Don’t you know, when your face has been numbed with Botox, it becomes far more difficult to pick up emotional cues. Why is this so? Well, we receive emotional communication by mimicking the facial expression of our interlocutor. If we see someone’s face contorted in grief or in rage, we mimic the expression and then feel something of what he is feeling.

So, she might be suffering from Botox syndrome.

If not, she is simply a witch. Therapist Gottlieb recommends therapy and suggests that he try to placate her. I take a slightly different approach. I believe that he should call the bluff and walk out. Why does he believe that he should suffer the indignity of being constantly harassed by his wife?

In truth, the problem is hers. She should get over herself, and learn that leaning in and asserting oneself is a bad way to get along with another person. If she persists, he is better off without her.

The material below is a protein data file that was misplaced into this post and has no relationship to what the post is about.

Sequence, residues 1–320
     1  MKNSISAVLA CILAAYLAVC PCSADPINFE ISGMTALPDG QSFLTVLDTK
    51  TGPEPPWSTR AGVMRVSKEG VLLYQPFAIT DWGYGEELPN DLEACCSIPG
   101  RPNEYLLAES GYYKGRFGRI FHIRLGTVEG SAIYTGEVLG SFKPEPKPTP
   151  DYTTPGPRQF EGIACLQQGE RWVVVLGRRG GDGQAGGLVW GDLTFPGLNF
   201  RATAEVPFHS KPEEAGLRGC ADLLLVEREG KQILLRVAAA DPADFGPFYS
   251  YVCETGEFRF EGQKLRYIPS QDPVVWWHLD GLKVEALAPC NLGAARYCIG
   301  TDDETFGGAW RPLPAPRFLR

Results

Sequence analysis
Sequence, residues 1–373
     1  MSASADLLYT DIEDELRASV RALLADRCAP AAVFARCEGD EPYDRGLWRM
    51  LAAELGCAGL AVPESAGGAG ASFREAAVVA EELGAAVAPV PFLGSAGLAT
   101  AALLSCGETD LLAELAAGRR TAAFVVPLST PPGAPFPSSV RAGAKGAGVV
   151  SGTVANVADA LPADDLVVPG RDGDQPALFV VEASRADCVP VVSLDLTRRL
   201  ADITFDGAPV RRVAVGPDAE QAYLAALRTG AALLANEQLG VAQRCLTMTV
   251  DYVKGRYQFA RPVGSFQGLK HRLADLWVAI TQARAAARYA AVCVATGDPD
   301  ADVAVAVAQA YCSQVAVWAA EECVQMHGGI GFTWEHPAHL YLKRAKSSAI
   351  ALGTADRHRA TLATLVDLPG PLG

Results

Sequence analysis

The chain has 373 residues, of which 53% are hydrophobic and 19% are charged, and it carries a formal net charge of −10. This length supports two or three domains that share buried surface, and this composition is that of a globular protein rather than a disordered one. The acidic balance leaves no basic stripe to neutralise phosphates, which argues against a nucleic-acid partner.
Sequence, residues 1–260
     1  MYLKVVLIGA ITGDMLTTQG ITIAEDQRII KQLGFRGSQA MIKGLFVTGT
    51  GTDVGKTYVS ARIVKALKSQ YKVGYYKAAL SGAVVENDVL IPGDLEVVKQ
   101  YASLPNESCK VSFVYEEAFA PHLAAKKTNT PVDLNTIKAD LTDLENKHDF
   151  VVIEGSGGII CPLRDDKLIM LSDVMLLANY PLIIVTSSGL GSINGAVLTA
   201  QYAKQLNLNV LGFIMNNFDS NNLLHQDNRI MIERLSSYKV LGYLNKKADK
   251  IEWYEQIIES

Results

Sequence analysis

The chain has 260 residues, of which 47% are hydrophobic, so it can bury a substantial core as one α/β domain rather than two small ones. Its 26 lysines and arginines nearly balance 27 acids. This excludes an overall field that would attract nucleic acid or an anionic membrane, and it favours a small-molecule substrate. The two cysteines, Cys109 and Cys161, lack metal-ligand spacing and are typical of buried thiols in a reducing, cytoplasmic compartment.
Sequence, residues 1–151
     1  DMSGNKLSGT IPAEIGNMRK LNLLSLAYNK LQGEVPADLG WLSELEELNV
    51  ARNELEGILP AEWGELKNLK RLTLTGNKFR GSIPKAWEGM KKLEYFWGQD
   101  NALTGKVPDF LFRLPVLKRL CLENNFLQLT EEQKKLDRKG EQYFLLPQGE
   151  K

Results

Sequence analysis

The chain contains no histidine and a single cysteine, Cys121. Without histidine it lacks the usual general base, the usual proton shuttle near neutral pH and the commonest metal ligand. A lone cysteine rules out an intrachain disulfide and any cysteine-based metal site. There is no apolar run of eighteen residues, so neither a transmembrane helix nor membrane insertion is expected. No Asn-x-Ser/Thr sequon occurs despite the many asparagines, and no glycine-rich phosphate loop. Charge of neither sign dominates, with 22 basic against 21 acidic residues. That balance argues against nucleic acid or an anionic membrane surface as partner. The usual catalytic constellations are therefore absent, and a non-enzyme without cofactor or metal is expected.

Dan Patterson said...

Very good summary by you. Witch.
My statement to an ex with similar qualities: "I am doing the best that I can. If that's not enough I can help you pack.".
There is a reason the MGTOW movement has gotten traction.

Ares Olympus said...

I don't like name-calling. Certainly she's suffering in some way and looking for someone else to fix her pain. Still being only married a couple years seems to make the problem easy. She's the one threatening to leave, so all he has to do is let that happen. Since he still loves her, it would seem easy (on the ego) to say "I'm sorry I can't be who you need. I hope you can find someone else." If there's a "witch" part to the story, I imagine it comes in how she'll talk about him to others trying to gain sympathy, but better sooner than later if it must happen.

Ignatius Acton Chesterton OCD said...

Yes, it sounds like she is a witch.

That said, we have a 64-year-old widower who’s now been married to this new woman for a couple years. Three points of reference I’d like to know...